CAIB PA 37-03
Date: July 1, 2003
Col Woody Woodyard, 703-416-3532 or 713-301-2244
Brown, 703-416-3532 or 281-467-8657
Columbia Accident Investigation Board Issues Preliminary Recommendation Four:
Launch and Ascent Imaging
VA The Columbia Accident Investigation Board today issued its fourth preliminary
finding and recommendation to the National Aeronautics and Space Administration,
in advance of its appearance in the final report.
the imaging system to be capable of providing a minimum of three useful views
of the Space Shuttle from liftoff to at least Solid Rocket Booster separation,
along any expected ascent azimuth. The readiness of these assets should be
included in the Launch Commit Criteria for future launches.
should be given to using mobile assets (ships or aircraft) to provide additional
views of the vehicle during ascent.
the Space Shuttle vehicle during launch and ascent provides necessary engineering
data including the ability to examine the entire Space Shuttle system for
any unexpected debris or other anomalies during ascent.
- A variety
of assets are already in place at the Kennedy Space Center (KSC) and on the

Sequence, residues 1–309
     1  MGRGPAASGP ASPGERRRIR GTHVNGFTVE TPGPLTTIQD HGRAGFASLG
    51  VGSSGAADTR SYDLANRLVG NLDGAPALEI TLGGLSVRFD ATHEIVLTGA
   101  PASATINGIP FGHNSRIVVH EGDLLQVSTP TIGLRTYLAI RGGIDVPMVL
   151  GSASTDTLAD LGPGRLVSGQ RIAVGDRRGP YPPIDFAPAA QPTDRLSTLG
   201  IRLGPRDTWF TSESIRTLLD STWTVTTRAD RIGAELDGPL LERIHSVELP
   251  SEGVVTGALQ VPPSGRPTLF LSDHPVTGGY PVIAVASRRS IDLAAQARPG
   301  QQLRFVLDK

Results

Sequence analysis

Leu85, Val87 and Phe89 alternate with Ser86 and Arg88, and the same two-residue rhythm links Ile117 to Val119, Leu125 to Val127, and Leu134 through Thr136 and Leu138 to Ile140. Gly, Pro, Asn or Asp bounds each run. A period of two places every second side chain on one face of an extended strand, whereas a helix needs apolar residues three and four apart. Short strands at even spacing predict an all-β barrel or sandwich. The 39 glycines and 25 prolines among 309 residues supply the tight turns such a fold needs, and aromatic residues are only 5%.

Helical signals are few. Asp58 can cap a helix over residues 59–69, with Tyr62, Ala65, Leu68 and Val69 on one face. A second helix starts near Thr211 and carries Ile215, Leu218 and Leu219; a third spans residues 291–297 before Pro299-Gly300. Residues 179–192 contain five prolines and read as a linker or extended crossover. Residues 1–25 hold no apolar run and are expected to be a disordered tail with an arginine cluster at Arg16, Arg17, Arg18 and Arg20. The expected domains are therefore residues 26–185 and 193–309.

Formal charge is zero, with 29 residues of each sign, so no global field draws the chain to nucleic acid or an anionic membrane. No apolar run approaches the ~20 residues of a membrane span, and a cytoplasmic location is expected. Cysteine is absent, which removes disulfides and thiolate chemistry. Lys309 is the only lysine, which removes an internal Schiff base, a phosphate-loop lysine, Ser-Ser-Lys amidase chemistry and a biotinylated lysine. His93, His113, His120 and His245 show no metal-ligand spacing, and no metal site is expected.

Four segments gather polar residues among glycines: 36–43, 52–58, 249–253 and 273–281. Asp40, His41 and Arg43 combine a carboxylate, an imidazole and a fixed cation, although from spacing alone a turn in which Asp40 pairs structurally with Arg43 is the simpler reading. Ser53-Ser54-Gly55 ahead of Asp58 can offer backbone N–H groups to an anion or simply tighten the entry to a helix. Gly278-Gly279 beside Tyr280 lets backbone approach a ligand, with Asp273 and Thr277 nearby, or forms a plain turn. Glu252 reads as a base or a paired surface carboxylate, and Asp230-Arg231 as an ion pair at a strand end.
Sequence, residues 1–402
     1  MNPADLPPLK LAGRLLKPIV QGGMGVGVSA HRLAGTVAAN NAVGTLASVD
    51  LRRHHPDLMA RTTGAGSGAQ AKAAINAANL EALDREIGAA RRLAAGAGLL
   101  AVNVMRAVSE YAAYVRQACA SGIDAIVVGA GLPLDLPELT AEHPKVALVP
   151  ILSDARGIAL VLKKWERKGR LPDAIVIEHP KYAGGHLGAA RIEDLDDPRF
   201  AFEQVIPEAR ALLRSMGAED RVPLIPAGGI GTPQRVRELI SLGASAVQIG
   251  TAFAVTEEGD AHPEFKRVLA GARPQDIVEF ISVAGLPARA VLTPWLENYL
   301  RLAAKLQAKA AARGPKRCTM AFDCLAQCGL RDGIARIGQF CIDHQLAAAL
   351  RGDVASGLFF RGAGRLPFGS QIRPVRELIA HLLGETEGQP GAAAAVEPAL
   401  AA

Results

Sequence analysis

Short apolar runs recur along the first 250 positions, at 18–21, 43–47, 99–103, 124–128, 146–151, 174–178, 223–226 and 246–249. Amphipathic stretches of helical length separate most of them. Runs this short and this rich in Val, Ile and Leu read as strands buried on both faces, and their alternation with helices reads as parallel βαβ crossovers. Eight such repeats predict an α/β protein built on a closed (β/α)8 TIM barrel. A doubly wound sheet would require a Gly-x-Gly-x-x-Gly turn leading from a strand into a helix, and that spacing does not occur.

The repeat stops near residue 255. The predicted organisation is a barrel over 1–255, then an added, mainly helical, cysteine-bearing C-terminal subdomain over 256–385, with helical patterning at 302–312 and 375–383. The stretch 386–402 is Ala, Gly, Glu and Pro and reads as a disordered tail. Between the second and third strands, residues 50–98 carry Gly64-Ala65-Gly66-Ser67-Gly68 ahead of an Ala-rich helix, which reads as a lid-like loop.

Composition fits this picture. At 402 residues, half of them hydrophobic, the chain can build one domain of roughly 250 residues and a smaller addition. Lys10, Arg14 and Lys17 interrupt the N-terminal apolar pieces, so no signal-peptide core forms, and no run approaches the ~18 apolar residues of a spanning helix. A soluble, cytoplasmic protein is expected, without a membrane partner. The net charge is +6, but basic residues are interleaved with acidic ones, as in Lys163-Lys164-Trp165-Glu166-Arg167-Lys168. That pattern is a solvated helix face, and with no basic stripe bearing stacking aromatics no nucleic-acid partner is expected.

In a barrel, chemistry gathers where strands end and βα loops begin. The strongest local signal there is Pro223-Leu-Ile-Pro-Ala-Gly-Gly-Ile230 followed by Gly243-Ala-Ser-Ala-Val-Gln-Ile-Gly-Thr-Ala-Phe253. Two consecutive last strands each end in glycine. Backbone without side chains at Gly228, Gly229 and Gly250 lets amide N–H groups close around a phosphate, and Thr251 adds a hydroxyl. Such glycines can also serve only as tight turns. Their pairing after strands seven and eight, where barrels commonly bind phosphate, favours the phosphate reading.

Air Force Eastern Range (ER) to accomplish this task.
data from the optical assets at KSC and the ER are reported to the Mission
Management Team in the days following the launch. A quick look
report is available the day after launch, and a more detailed analysis is
available within a few days. For the most part, engineering quality ground-based
data is not available in real time.
the STS-107 ascent, two ground-based long-range camera sites provided data
that was usable for evaluating the foam strike against the vehicle. A third
camera that would have provided a better view was unusable.
- The current
long-range camera assets on the Kennedy Space Center and Eastern Range are
inadequate to provide best possible engineering data during Space Shuttle
of STS-107 debris impact was hampered by lack of high resolution, high speed
cameras (temporal and spatial imagery data).
- The Space
Shuttle is still a developmental vehicle, and engineering data from each launch
is essential to further understand the vehicle.
numerous ground-base imaging assets are available, they are often inadequate
to provide meaningful data to the program.
- The ability
to validate models on the effect of the TPS debris strikes has been hampered
by the lack of high quality ascent image data.
- The existing
camera sites suffer from a variety of readiness, obsolescence, and urban encroachment
(i.e., civilian buildings around the asset) problems.
- The imaging
systems have not been upgraded to reflect changes in launch patterns, primary
azimuths associated with International Space Station support missions.